Not so long ago I was a development worker for Progressio, working on gender-based projects in Nicaragua with our partner organisation Puntos de Encuentro, writes Jean Casey. I worked there for five years.

What attracted me to Progressio in the first place was their strong gender profile – being an NGO that supports cutting edge gender work and builds strategic alliances with progressive grassroots organisations such as Puntos, who are widely regarded for their innovative approaches to advancing women’s rights and creating social change. 

I was involved in various gender projects with Puntos over the years, all of which had the overarching aim of strengthening the capacities of young women and girls to help them find their voice, and provide them with the knowledge support and resources they need to defend and exercise their rights, in a country where the culture of machismo can cost young women and girls much suffering. 

Since returning from Nicaragua I became involved in supporting Progressio Ireland (sister organisation of Progressio UK) and for one year now I have been serving as a board member. Most recently, I have been working with Progressio UK on a short project to analyse the advances, challenges and opportunities of mainstreaming gender across their insitutional themes and country programmes, producing a set of findings, recommendations and opportunities for the organisation to strengthen their gender work institutionally and across programmes. 

In this report I bring together the evidence that shows that Progressio has, for the large part, been successful at cross-cutting gender – which means, away from the jargon, making sure that all its work, even if it isn’t specifically targeted at women’s rights, includes an awareness of gender issues and a focus on gender equity.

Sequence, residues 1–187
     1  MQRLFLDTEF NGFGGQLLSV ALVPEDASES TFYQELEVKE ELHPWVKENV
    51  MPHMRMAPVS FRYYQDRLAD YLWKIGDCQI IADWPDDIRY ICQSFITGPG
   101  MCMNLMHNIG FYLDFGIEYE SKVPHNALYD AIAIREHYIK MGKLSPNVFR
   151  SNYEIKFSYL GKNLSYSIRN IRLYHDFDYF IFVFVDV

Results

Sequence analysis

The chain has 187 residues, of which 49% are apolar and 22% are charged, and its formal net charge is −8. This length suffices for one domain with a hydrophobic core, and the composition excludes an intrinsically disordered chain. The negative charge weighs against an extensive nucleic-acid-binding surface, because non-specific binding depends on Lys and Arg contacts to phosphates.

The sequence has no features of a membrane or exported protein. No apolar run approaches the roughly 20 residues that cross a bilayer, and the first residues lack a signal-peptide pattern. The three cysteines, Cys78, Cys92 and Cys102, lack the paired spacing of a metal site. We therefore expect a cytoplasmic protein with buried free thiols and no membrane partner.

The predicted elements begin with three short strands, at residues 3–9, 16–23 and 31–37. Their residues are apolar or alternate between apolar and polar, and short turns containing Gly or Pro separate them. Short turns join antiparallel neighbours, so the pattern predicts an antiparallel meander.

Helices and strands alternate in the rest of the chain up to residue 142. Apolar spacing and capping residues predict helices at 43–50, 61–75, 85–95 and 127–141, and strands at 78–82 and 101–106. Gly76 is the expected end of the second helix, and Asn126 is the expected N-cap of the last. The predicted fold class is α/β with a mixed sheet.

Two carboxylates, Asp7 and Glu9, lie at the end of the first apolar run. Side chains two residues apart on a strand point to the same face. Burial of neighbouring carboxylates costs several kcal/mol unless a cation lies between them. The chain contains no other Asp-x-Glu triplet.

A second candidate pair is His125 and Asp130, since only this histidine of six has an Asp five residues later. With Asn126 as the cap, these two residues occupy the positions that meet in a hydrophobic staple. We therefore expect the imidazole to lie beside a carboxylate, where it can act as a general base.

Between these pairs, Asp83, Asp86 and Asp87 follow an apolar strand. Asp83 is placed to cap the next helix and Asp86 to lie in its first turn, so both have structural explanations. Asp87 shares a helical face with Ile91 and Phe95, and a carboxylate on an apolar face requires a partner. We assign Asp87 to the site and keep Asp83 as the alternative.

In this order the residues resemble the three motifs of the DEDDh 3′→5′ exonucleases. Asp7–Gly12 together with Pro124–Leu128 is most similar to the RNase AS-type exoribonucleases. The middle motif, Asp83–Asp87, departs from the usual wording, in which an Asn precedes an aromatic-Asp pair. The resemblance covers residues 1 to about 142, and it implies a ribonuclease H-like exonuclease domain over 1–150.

What are some examples? There’s solid evidence of good practice and significant advances in gender equity within each of the three core institutional themes (environment, HIV and participation), from contributing to policies that lead to increased participation and representation of women in parliament in Yemen and Somaliland, to increasing the socio-economic empowerment of women in Hispaniola and Zimbabwe.

The concrete advancements of gender work in programmes can be traced to the expertise and commitment of Progressio’s country representatives and development workers to advancing gender across their programme work, together with the intuitions and efforts to support this work. The challenges faced by Progressio’s programmes are for the large part external, contending with the traditional and cultural barriers that on the whole see ‘gender’ as a foreign or alien concept, and the lack of funding dedicated to gender by development donors. However, the country representatives are remarkably creative in their means and ways of overcoming such barriers and making sure gender finds a way onto the agenda. 

Although Progressio can boast a long standing and impressive history of advancing gender equity across its programmes, working in solidarity with women’s organisations and strategically supporting the advancement of women’s interests, care needs to be taken to ensure that gender does not slip through the monitoring and evaluation net, reducing the impact and visibility of Progressio’s transformative gender work.

What’s impressive about Progressio is they continue to take a firm stand on gender. Their commitment to successfully cross cut gender has meant that gender stays firmly on their agenda at a time when many NGOs have let the gender agenda slide.

Jean Casey was a Progressio development worker in Nicaragua for five years. Photo: Two women who participate in running a handicraft cooperative in Nicaragua (photo © Nick Sireau/Progressio)